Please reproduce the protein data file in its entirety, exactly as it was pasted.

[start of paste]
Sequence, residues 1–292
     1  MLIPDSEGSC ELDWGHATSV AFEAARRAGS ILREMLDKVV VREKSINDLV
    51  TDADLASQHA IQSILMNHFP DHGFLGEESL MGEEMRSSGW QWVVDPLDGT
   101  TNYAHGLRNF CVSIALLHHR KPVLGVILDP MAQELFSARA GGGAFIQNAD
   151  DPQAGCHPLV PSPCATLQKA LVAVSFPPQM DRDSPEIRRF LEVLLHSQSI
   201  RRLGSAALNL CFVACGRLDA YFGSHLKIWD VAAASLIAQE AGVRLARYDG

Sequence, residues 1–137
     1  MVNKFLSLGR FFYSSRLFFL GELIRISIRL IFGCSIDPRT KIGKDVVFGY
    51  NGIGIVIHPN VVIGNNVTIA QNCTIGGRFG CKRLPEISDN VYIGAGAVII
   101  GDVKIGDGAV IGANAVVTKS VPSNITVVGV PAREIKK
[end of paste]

Sequence, residues 1–292
     1  MLIPDSEGSC ELDWGHATSV AFEAARRAGS ILREMLDKVV VREKSINDLV
    51  TDADLASQHA IQSILMNHFP DHGFLGEESL MGEEMRSSGW QWVVDPLDGT
   101  TNYAHGLRNF CVSIALLHHR KPVLGVILDP MAQELFSARA GGGAFIQNAD
   151  DPQAGCHPLV PSPCATLQKA LVAVSFPPQM DRDSPEIRRF LEVLLHSQSI
   201  RRLGSAALNL CFVACGRLDA YFGSHLKIWD VAAASLIAQE AGVRLARYDG

Sequence, residues 1–137
     1  MVNKFLSLGR FFYSSRLFFL GELIRISIRL IFGCSIDPRT KIGKDVVFGY
    51  NGIGIVIHPN VVIGNNVTIA QNCTIGGRFG CKRLPEISDN VYIGAGAVII
   101  GDVKIGDGAV IGANAVVTKS VPSNITVVGV PAREIKK